Still wondering what led the forex market to twerk it like Miley lately? Big Pippin‘s pretty sure that it has something to do with One Direction going on an “extended hiatus” but I’ve dug a little deeper and summed up the factors that caused those crazy moves.
Now if you’re thinking that the surge in volatility ain’t really a big deal, think again! Breakouts were seen across the board, with some pairs surging by nearly twice their average daily range in a single day. Better take a closer look at these factors to gauge if the strong moves are likely to carry on:
1. Equity market selloff
Last Friday, the Dow Jones industrial average tumbled by more than 500 points while the S&P 500 index recorded its worst daily percentage drop in four years. London’s FTSE capped off its biggest weekly loss this year while major European stock indices chalked up close to double-digit declines. Emerging markets and Asian equities seemed to suffer the brunt of the bloodbath, with Japan’s Nikkei index crashing to a five-month low and MSCI’s emerging market index reaching its lowest level since 2011.
Some market analysts say that these big drops are nothing but much-needed major corrections, but others warned that these could mark the start of a longer-term bear market. To put things in perspective, the latest U.S. stock selloff is comparable to the weekly declines seen during the 2008-2009 global recession but doesn’t quite hold a candle to the 22.5% carnage in the Dow back in the Black Monday of October 1987.
2. Concerns about China
Perhaps the biggest culprit in the global market downturn these days is China, which is still struggling to shore up its equities, export activity, and overall economic performance. Recall that the Chinese government and the central bank have taken turns responding to desperate times and calling for desperate measures, ranging from stock market stimulus to yuan devaluation, in order to keep domestic demand afloat.
Despite all that, China has printed one dismal economic report after another, with Friday’s Caixin flash manufacturing PMI release putting the nail in the coffin thanks to its decline from 47.8 to 47.1 in August. That marks its sixth month below the 50.0 mark and its lowest reading since March 2009.
Since China is the world’s second largest economy and is the top buyer of products from most developed nations, what happens in China doesn’t stay in China. Policymakers in Japan have already expressed their concerns about a spillover effect to Asia and the rest of the world, as Japanese Economics Minister Akira Amari urged the Chinese government to step up their efforts in keeping the economic mess contained.
3. Conflict between North and South Korea
As though the concerns in China aren’t bad enough, Asia’s got another problem brewing due to the ongoing conflict between North and South Korea. As it turns out, Kim Jong-un and his buddies aren’t too pleased with the South’s decision to resume their loudspeaker broadcasts against the North, which were apparently prompted by Jong-un’s refusal to accept responsibility for the landmine explosions at the border. Long story short, shots were fired and the idea of an all-out war just got real.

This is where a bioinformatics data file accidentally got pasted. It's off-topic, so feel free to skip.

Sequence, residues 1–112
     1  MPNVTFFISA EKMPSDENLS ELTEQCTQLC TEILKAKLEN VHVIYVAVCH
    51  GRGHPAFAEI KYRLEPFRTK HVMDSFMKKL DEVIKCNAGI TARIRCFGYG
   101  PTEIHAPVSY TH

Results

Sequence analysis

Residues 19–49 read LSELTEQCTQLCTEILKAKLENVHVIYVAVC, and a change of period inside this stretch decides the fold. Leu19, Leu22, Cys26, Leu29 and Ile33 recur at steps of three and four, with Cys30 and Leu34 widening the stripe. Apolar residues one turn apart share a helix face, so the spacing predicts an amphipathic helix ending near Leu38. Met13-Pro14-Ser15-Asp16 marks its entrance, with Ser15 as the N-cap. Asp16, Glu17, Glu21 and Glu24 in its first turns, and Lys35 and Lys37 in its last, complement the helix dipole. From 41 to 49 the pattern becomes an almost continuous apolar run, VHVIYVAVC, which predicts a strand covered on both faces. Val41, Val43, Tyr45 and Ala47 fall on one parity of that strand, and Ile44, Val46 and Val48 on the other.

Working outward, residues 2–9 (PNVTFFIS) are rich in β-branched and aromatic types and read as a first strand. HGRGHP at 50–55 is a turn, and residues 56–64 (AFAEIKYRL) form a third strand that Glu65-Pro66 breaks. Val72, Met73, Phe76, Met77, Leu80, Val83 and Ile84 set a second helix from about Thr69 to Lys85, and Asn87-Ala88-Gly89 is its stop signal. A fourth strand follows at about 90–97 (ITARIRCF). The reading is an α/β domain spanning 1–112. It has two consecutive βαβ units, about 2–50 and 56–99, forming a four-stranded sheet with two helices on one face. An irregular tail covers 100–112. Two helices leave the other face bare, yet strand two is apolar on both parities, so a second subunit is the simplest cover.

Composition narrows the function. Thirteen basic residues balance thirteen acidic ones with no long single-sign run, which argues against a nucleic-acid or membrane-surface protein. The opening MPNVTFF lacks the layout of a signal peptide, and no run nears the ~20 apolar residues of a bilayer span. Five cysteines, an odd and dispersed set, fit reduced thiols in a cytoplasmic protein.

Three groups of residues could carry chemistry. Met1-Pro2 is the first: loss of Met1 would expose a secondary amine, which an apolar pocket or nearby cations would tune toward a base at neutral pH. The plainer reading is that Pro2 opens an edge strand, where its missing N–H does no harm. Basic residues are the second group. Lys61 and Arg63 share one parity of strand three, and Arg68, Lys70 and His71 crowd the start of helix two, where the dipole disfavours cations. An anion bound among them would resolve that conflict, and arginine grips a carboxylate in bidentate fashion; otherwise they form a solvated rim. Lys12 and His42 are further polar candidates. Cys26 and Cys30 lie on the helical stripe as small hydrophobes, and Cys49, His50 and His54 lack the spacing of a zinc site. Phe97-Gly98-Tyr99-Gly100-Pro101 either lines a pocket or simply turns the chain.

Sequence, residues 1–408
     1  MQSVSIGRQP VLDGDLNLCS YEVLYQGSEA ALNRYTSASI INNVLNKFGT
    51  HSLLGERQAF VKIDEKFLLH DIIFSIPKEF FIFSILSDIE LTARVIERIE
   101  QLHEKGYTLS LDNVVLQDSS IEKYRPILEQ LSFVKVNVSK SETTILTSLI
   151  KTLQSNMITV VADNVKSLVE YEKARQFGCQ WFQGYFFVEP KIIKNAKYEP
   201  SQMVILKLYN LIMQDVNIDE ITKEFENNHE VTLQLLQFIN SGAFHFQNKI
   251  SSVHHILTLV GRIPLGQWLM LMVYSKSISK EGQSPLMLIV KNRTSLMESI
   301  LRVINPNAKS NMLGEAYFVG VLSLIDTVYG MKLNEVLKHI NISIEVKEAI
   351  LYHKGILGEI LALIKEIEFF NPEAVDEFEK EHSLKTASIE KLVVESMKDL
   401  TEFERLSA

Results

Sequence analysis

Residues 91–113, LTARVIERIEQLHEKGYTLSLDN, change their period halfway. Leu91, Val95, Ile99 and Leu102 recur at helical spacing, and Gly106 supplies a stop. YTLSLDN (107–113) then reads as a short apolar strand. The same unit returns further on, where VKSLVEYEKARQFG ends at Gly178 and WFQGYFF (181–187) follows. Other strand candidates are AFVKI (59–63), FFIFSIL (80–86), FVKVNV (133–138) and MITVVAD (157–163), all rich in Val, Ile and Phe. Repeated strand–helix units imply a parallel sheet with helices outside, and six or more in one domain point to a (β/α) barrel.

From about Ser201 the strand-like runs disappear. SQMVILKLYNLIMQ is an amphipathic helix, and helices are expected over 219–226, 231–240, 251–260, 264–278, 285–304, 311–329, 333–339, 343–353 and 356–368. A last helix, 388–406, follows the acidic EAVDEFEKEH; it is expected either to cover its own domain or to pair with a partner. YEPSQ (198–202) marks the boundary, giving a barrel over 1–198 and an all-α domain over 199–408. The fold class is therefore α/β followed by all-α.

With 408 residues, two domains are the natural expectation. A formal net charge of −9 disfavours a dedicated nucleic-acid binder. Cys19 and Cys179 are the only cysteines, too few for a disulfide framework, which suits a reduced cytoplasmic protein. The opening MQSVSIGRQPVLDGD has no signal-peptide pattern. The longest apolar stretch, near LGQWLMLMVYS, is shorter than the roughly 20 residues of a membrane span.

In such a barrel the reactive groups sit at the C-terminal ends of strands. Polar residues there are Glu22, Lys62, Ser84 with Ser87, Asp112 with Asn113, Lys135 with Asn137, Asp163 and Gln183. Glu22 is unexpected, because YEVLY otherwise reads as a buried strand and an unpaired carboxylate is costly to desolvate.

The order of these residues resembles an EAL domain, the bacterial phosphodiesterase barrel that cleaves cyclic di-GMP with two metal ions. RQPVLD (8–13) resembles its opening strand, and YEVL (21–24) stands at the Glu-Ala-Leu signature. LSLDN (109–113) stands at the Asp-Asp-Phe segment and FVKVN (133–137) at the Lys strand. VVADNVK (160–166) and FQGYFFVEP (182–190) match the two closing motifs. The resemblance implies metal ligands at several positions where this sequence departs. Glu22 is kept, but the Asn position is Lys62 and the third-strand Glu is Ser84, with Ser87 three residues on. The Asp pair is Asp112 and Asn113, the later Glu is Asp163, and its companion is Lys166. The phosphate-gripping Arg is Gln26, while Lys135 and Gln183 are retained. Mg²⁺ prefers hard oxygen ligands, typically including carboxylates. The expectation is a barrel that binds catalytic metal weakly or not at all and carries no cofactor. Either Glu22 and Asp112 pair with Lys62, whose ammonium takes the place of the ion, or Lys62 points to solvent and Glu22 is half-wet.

Keep in mind that geopolitical tension also has an impact on forex movements, as this typically ushers in a risk-off market environment. In addition, this could dampen trade activity in the region and drag Asian equities much lower, forcing traders to flee to safe-haven assets and currencies.
4. Commodity price movements
Care to guess how oil reacted to the market slump? With another selloff, of course! WTI crude oil slipped below the $40/barrel psychological floor, setting the stage for a potential free fall in the coming days. Heck, U.S. oil prices have been falling for six consecutive weeks and are currently treading around levels not seen since ’09.
On the other hand, gold has been seeing better days, as the precious metal made a strong rebound when the FOMC minutes suggested that the Fed might delay the liftoff. With the safe-haven dollar losing some of its shine, gold is looking like a better alternative for investors to hold on to these days.
5. Low liquidity in summer
Forex junkies who think that the market moves have just been blown out of proportion are quick to blame the low liquidity during the summer months as the main factor that spurred volatility. After all, with fewer market participants making trades, even smaller-than-usual positions could push prices around.
With that, notions of market fear and panic can quickly spread among traders and lead to magnified moves once investors rush to liquidate their positions. There aren’t a lot of top-tier economic catalysts lined up for this week, which suggests that market sentiment could continue to be a force to reckon with in the next few days. Do you think we’ll see another round of wild forex price action?